Now there is a bit of hitch in this story. Did you notice how the narrator describes David’s appearance? The translators of the New Living Translation put it this way: He’s “dark and handsome, with beautiful eyes” (1 Sam. 16:12 NLT). Aren’t we back where we started, with a focus on the externals? David might be the youngest, but he still looks like a king – and as we learned last week: “It’s good to be the king,” unless of course you’re Saul!  But could that be the point, no matter what you look like on the outside, what counts is what is on the inside?   

Now, it’s good to remember that David isn’t without his faults. He’s as human as Saul, but something is different about him. That difference is David’s loyalty to Yahweh. Unlike Saul and unlike most of his successors, David tries not to do what is right in his own eyes. So, when Samuel anoints him as the next king, the “spirit of the Lord came mightily upon David from that day forward” (1 Sam. 16:13).  In other words, Yahweh was with him and would stay with him, through thick and thin.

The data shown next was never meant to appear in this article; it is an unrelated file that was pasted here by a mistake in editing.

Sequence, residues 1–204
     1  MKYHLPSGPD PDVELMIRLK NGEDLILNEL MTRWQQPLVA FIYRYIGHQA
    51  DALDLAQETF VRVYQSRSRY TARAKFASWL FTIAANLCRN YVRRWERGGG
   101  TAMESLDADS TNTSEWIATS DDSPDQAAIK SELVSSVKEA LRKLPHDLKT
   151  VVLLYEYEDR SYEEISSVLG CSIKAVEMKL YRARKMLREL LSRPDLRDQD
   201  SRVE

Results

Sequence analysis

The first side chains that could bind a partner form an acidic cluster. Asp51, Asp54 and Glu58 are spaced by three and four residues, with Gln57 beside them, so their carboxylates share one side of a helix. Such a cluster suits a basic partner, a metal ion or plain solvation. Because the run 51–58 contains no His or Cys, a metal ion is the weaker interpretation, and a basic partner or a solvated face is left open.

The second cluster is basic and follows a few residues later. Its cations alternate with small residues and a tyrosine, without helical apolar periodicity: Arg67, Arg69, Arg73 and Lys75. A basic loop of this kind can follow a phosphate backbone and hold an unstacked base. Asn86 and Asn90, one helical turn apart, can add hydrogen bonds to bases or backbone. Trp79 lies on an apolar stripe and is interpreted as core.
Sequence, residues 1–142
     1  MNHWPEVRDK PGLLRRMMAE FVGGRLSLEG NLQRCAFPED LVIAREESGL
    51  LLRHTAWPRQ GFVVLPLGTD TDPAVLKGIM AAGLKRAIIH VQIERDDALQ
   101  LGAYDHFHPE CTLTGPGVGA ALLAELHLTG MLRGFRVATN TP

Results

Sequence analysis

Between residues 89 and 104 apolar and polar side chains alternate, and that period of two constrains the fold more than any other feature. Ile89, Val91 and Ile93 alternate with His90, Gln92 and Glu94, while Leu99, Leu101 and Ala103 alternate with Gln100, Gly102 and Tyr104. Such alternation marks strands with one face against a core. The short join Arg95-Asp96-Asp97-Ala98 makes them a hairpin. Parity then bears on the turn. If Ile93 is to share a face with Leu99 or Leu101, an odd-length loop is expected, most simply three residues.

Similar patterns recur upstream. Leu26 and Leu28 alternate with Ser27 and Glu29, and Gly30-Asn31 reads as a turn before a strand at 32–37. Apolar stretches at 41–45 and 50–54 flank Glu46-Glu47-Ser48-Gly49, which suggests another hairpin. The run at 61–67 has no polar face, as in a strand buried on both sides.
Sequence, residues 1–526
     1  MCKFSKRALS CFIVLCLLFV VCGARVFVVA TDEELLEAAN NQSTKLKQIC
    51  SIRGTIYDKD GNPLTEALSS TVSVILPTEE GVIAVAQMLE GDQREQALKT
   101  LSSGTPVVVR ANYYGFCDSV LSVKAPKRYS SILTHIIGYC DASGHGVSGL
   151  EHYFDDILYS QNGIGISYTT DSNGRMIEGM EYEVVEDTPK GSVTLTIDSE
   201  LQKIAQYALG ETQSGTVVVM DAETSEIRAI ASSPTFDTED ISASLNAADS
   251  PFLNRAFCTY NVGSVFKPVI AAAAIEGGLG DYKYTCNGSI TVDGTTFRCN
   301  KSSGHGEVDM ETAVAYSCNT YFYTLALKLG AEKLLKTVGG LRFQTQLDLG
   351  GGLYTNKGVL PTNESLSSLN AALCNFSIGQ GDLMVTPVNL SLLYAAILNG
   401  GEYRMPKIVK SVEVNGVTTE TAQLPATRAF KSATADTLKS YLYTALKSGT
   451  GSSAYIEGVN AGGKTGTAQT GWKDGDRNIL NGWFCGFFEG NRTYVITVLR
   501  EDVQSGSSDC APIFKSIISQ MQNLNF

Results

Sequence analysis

There’s a connection between this passage and the parable Jesus tells in Mark 4 about the sower who scatters seed on the ground, but finds it a mystery why these little seeds become grains of wheat. The sower can only see what’s happening on the surface, but not what’s going on below. It’s easy to rely on externals to make decisions, but that might not be the best way. Apparently, that’s not the way God works either.